From Abortion to Infanticide
I recently read a startling article from the Journal of Medical Ethics published on February 23, 2012. In After-birth Abortion: Why Should the Baby Live? Alberto Giubilini and Francesca Minerva argue that it is morally acceptable (and in some cases preferable) to kill a newborn because newborns are essentially not any different than fetuses, which are aborted everyday.
This horrific article printed in a “serious,” peer-reviewed, professional journal, should cause all clear thinking people pause. What was once criticized as a slippery slope by abortion proponents is now firm reality, at least in the world of medical ethics. And what is even more revealing is that the manner in which the authors argue their ethics is sound.
Giubilini and Minerva argue that its okay to kill newborns based on three reasons. First, fetuses and newborns share a common status of “non-persons.” Second, just because both are “potential persons” is morally irrelevant. And third, adoption is not always morally a good thing because it does not always help “actual people.”
My assessment is simple. Giubilini and Minerva are right. That’s correct, based on our cultural justification to murder the unborn, we have also opened the door to murder the born. Period. Of course, when we were seeking to justify abortion, we were told it was ridiculous to assert that this would open the door to other heinous actions. And as I noted earlier, what was once considered ridiculous (or a slippery slope) has now become sound ethics.
But Giubilini and Minerva are also wrong. As is the entire abortion movement. The hinge the door swings on is the idea of “personhood.” We are told that a fetus is not a person. If we concede this to be true then the authors are correct that a newborn is also not a “person” so why should it be protected?
This idea of personhood is a ruse. It is an invented category designed to draw distinctions and thus justify killing. But personhood is simply not definable and the authors admit this much, punting to others on determining the point that a newborn would become an “actual person” and should thus be protected.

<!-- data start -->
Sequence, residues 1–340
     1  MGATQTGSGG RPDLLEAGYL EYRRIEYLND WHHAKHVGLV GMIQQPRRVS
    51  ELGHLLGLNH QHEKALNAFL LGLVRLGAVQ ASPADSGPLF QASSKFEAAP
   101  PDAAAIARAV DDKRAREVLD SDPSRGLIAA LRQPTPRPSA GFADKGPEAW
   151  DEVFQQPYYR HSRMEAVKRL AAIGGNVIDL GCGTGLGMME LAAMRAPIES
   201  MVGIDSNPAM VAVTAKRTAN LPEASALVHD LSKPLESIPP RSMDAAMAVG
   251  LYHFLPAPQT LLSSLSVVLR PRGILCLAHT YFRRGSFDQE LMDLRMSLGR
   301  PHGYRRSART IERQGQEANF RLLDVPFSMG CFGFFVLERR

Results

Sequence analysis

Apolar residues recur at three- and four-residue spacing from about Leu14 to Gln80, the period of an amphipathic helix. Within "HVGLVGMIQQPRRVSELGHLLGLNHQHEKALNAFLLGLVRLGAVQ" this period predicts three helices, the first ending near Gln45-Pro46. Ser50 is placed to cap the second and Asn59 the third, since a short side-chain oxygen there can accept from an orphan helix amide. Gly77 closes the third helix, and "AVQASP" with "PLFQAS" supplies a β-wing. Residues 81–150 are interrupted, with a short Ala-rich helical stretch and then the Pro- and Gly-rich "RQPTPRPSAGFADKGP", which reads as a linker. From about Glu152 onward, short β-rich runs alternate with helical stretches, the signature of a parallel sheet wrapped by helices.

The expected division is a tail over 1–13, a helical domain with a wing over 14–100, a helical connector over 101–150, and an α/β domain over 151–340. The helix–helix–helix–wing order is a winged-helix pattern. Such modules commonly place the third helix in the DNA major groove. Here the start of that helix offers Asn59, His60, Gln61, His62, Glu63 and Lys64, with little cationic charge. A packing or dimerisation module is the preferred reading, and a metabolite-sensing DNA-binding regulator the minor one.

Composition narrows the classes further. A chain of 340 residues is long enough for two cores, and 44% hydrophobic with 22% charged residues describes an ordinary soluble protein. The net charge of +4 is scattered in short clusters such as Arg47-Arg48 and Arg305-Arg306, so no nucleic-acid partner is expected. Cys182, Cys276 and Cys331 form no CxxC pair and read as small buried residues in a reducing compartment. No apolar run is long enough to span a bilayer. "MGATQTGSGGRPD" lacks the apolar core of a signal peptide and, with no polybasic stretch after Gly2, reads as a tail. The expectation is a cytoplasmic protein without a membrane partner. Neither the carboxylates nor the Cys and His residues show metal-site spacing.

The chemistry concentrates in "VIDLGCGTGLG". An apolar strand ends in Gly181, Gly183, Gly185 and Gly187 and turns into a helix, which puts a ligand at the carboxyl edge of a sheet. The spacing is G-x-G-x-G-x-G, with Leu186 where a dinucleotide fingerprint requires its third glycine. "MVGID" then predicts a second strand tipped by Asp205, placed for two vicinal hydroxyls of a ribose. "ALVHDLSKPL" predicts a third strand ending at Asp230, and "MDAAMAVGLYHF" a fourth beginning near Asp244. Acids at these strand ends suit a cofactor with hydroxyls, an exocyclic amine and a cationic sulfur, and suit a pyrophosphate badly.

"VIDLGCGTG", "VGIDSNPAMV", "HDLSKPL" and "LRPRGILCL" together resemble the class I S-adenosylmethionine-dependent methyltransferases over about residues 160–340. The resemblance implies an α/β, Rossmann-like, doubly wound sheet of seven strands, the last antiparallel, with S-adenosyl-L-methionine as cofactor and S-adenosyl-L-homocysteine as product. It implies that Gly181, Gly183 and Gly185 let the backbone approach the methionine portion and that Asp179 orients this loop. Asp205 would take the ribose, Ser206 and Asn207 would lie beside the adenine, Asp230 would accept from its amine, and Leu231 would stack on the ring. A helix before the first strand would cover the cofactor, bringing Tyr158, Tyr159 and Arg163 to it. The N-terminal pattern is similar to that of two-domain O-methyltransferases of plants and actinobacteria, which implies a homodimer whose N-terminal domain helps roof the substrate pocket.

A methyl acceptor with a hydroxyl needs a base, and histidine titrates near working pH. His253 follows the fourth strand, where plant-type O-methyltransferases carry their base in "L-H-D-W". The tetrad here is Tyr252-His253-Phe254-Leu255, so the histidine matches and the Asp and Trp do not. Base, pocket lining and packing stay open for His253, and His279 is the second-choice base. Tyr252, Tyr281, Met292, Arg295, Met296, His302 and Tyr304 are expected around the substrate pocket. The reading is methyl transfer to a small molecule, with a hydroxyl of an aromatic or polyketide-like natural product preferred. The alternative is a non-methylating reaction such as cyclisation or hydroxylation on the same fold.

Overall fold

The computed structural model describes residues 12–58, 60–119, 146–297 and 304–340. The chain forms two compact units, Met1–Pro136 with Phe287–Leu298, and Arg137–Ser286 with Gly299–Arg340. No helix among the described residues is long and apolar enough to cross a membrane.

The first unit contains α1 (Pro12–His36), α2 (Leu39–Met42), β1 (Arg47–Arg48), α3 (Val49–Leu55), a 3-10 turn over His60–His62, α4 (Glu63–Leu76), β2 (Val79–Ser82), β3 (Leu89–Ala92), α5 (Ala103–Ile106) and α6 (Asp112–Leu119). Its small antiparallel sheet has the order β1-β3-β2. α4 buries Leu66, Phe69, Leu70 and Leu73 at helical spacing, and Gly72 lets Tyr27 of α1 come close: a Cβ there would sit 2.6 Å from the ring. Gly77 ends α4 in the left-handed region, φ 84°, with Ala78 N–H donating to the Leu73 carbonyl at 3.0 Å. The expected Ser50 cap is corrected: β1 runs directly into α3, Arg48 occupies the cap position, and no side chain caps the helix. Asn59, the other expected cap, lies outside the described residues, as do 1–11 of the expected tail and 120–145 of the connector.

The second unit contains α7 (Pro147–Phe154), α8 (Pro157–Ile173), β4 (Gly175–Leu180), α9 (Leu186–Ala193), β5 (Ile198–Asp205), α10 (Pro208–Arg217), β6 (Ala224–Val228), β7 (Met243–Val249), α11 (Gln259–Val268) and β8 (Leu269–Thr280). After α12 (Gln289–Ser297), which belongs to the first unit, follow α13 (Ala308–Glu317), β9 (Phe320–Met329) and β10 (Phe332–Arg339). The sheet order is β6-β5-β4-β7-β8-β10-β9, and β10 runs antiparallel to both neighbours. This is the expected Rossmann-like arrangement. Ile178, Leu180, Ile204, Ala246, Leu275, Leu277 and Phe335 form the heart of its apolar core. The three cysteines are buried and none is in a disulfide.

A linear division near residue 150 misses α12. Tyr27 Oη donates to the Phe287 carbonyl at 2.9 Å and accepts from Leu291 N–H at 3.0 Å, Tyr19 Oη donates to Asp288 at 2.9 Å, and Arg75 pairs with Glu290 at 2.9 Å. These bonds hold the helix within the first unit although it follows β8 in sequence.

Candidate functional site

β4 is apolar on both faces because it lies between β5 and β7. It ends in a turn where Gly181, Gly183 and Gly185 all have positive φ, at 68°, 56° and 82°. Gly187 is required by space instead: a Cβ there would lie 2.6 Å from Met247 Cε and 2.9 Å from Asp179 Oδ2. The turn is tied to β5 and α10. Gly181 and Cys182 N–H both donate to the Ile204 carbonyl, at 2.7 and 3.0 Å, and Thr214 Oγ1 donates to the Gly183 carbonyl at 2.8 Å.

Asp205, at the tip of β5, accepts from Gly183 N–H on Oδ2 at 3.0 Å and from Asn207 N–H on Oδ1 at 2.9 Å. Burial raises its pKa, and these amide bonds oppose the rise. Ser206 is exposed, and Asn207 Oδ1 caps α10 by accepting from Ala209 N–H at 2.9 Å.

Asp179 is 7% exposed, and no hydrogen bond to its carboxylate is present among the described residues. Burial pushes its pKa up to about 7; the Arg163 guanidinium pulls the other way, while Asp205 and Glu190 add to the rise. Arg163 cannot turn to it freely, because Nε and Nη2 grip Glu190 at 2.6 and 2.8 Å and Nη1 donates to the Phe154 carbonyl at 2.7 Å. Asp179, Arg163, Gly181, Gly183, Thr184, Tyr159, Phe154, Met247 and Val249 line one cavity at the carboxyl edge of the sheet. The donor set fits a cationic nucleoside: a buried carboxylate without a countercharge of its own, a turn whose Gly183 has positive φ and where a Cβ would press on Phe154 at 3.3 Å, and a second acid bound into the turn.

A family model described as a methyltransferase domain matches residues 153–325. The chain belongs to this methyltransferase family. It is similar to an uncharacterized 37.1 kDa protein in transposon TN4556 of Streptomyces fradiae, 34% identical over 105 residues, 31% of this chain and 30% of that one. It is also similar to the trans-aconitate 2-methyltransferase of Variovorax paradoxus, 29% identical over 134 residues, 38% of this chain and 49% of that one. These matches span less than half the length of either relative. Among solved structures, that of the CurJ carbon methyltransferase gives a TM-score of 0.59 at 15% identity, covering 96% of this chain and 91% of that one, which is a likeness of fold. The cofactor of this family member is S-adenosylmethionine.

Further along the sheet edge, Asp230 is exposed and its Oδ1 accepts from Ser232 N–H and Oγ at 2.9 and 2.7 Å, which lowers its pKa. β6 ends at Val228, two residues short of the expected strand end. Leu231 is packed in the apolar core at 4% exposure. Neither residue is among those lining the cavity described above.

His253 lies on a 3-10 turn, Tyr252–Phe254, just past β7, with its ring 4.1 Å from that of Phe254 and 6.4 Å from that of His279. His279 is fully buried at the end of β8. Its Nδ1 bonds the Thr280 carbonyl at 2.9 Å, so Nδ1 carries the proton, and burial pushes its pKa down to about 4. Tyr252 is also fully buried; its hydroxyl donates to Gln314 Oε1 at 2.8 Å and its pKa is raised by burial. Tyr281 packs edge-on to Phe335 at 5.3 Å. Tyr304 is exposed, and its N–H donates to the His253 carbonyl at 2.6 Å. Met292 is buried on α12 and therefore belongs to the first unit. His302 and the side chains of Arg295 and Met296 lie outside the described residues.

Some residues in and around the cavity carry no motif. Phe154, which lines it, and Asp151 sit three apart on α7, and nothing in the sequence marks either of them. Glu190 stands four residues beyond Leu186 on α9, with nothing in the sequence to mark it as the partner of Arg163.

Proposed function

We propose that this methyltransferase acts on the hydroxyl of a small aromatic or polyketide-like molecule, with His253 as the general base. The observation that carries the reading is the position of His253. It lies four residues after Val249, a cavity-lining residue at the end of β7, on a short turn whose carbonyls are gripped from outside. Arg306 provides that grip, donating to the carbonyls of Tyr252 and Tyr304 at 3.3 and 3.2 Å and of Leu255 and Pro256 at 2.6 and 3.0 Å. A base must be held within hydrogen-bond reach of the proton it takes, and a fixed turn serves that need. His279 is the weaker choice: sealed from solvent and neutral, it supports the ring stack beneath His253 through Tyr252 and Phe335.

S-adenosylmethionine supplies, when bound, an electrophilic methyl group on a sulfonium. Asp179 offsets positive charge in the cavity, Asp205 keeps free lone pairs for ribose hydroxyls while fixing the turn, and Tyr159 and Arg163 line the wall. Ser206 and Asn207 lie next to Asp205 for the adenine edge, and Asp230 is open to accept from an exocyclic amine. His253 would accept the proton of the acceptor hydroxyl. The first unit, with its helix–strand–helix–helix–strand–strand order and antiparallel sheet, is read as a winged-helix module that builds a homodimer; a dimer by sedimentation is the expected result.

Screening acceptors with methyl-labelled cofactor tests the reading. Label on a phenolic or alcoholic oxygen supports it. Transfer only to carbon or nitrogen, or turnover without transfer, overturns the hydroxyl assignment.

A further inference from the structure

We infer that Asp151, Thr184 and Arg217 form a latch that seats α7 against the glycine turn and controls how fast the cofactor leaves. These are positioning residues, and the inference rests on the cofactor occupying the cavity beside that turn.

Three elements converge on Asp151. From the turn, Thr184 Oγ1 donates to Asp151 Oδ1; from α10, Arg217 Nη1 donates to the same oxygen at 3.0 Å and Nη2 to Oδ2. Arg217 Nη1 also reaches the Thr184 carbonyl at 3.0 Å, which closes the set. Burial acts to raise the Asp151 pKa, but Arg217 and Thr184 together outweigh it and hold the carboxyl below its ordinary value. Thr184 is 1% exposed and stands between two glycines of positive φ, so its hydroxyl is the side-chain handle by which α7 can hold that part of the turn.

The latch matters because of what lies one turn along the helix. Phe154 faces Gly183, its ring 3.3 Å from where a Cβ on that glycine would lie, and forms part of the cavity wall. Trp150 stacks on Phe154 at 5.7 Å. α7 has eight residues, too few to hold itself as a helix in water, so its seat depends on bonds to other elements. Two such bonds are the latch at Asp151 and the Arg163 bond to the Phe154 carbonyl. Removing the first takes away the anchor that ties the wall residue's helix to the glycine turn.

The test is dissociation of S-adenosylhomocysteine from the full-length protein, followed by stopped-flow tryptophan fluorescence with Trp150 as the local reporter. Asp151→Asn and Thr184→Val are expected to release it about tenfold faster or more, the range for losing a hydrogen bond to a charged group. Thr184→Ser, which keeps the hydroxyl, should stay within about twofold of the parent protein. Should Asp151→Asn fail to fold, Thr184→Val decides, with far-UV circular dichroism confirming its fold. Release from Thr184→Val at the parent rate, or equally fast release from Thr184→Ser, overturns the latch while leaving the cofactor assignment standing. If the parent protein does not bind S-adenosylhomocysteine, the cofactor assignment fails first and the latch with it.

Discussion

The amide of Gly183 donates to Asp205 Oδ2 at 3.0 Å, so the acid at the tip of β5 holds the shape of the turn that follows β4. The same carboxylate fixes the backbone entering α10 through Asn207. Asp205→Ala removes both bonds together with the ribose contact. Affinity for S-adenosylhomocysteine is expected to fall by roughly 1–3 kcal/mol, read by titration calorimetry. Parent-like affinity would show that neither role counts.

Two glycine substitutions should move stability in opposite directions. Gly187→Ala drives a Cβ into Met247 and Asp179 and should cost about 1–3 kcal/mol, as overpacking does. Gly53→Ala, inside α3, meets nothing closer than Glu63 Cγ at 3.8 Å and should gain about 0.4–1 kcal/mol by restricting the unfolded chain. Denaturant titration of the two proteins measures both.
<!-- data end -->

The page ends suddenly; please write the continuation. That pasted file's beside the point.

The truth is that we are all “persons” from the moment of conception, and all life is worthy of protection. In fact, there are only four differences that I have been able to determine that separate a fetus (and now a newborn) from an adult person. I would challenge anyone to offer any other difference than these four. And I would further submit that none of these four, individually or collectively, justify killing.
Size: a fetus or newborn are “smaller” than an adult. But my nine-year-old son is also smaller than me, and he is not less a person than me.
Level of Development: a fetus or newborn is not as developed as an adult. But neither is a teenager. Also, adults move through various stages of development as well. Women move through menopause. Levels of development do not justify killing outside the womb and they should not inside the womb either.
Environment: a fetus is in the womb and an adult is outside the womb. Occasionally I fly. When I am in a plane at 30,000 feet (clearly an environment that is not natural to human life), I am no less human and my right to life does is not forfeit.
Dependency: a fetus or newborn is dependent on an adult for life and care. A fetus by an umbilical cord. When my aunt was alive she went daily for dialysis treatments. I visited a woman in our church last week on a ventilator. Dependency has never been a condition for life in adults and it cannot be in the unborn or newborn.
After conception we are all the same except for these four differences. The only thing added to a fertilized egg is time and nourishment. Nothing else is added to the chemistry. It is wrong to kill the unborn. Period. And now the scary thing is that if you allow it based on flimsy logic then that same flimsy logic opens the door to murder on an expanded scale.